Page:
Marguerite Kanenstenhawi / Eunice Williams

Captured at the Deerfield Massacre

Image: Depiction of Eunice Being Led Away from Deerfield
Eunice’s captor hurried her toward the north gate
Illustration copyright Francis Back

Eunice Williams was born in Deerfield, Massachusetts, on September 17, 1696, the daughter of Puritan minister the Reverend John Williams and his wife Eunice Mather Williams. The girl who would grow up to become the most famous “unredeemed captive” had a conventional New England Puritan upbringing until the age of seven. Her family’s wealth and prominence made her early life a bit more privileged than that of other young Deerfield girls, and her fate as an adopted Kanienkehaka (Mohawk) better known.

On February 29, 1704, in the pre-dawn hours, a force of about 300 French and Native allies launched a daring raid on the English settlement of Deerfield, Massachusetts, that became known as the Deerfield Massacre.

The Williams home was attacked and Eunice’s six-week-old sister, Jerusha, and younger brother, John, Jr., were killed by hatchet. Eunice, her parents, and four of her siblings were taken captive. On the second day of captivity Eunice’s mother, weak from recent childbirth, was slain while attempting to cross the icy waters of the Green River.

Carried on the shoulders of her captor as they traveled through deeper snow and climbed into the hills, Eunice was numb — almost too cold and hungry to be afraid of what might happen next. After camping one night with the remaining group of Deerfield captives, the Indians conferred, and her captor set off with her and a few of his fellows. There were no longer any English adults for Eunice to look to for help or counsel, no one who could even understand her words.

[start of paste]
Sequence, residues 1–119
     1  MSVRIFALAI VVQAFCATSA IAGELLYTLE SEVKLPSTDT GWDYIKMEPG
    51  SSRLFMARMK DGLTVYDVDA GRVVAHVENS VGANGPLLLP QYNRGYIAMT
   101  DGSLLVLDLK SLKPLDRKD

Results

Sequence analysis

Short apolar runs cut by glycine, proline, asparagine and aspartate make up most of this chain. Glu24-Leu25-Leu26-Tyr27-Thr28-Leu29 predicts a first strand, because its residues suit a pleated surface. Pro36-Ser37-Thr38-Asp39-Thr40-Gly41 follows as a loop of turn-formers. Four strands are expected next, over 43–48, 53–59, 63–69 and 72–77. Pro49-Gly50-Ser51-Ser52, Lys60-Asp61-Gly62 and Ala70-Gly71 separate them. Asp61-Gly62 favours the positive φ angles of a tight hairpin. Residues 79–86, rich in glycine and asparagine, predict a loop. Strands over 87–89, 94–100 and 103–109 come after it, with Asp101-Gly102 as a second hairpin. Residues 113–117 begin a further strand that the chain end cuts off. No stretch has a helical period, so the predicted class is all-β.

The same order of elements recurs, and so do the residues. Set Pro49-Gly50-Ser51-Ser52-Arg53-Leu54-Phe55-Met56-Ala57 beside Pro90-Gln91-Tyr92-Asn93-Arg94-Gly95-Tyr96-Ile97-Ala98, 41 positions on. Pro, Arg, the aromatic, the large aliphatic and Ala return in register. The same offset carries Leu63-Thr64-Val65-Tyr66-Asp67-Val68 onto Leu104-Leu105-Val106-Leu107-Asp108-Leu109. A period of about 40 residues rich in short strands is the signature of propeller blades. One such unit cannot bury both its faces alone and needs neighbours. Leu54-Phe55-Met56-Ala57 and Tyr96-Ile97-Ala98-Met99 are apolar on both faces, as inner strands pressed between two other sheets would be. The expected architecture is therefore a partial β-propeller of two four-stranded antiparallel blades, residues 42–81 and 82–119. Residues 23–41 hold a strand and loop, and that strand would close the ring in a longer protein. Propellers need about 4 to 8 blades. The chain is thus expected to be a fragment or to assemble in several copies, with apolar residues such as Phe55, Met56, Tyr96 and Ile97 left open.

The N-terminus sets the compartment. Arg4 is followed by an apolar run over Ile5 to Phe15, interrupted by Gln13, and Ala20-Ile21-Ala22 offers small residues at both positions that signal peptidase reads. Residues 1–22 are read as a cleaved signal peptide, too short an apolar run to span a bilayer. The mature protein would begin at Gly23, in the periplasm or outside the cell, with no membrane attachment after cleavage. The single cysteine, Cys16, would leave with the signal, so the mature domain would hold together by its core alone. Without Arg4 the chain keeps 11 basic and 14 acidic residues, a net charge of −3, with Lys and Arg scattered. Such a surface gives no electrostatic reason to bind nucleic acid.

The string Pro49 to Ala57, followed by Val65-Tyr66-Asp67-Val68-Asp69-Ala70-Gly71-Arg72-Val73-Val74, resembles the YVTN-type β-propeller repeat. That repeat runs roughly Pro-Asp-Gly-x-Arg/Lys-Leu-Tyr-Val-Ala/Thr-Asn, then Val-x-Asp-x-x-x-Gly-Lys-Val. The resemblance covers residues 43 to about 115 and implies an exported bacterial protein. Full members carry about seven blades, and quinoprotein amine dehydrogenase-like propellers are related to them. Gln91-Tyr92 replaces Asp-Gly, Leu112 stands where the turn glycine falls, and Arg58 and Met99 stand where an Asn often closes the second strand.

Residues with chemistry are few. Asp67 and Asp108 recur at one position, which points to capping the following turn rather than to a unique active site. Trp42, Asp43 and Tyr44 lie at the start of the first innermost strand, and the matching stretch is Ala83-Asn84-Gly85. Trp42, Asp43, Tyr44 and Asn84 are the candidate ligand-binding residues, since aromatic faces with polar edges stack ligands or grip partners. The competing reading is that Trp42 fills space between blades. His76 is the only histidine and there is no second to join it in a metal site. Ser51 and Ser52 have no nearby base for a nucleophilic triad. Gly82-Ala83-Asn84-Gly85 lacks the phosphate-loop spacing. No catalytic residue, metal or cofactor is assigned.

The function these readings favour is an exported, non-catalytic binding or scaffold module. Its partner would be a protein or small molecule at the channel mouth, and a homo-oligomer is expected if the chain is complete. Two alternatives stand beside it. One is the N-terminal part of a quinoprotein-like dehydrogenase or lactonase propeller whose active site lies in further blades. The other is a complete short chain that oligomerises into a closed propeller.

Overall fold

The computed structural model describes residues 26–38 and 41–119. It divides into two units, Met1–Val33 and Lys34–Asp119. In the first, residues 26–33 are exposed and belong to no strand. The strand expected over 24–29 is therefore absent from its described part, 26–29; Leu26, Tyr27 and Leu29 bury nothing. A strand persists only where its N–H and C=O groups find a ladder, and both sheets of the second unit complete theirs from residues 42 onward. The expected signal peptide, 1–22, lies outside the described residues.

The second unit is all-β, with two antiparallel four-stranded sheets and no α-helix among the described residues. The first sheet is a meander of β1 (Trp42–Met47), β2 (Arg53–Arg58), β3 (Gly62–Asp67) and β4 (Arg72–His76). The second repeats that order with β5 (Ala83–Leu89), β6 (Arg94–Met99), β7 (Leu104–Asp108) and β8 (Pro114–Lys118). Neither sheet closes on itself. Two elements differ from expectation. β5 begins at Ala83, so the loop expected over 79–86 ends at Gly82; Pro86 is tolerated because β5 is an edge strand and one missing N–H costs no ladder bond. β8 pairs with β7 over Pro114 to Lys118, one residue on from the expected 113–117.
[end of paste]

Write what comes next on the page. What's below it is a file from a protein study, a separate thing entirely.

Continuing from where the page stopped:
After several days in which none of them had more than a handful of dried corn to eat, Eunice was left in a temporary wigwam while the men tracked a small deer herd. They shot a buck and a doe, and Eunice thought she had never tasted any victuals as sweet as the roasted meat she was given that day.

In all, 112 Deerfield men, women, and children were captured and taken on a 300-mile forced march to Canada in harsh winter conditions. Eunice and the surviving members of her family reached Fort Chambly in Quebec six weeks later.

From the French fort, Eunice and her captors traveled west until they came to another river, and saw a large town in the distance: Kahnawake, a settlement of Christian Mohawks near Montreal. They had arrived at their destination.

Eunice had never seen such a place. Kahnawake was two to three times bigger than Deerfield, a veritable city of longhouses, more than she could easily count. It stretched out along the banks of a turbulent river. Beyond the longhouses Eunice could see a church steeple and other buildings. As they approached the town, many people ran to greet them—men, women and children all shouting and talking and crowding around them.

Outside one of the longhouses, they were greeted by a woman with tears in her eyes. The woman gathered up Eunice and carried her through the bark door of the longhouse. The woman and several others told Eunice that it was time for her to be formally adopted. They took her to a great washtub and plunged her in and scrubbed her clean.

Then they gave her new leggings decorated with ribbons and a beautiful pair of beaded deerskin moccasins, a clean English linen shirt, and a red wool blanket as a cloak. They braided her hair and put a length of wampum around her neck, and led her to a feast at the council house.

Native American homelands

Image: Native Homelands and Movements, circa 1650 – 1750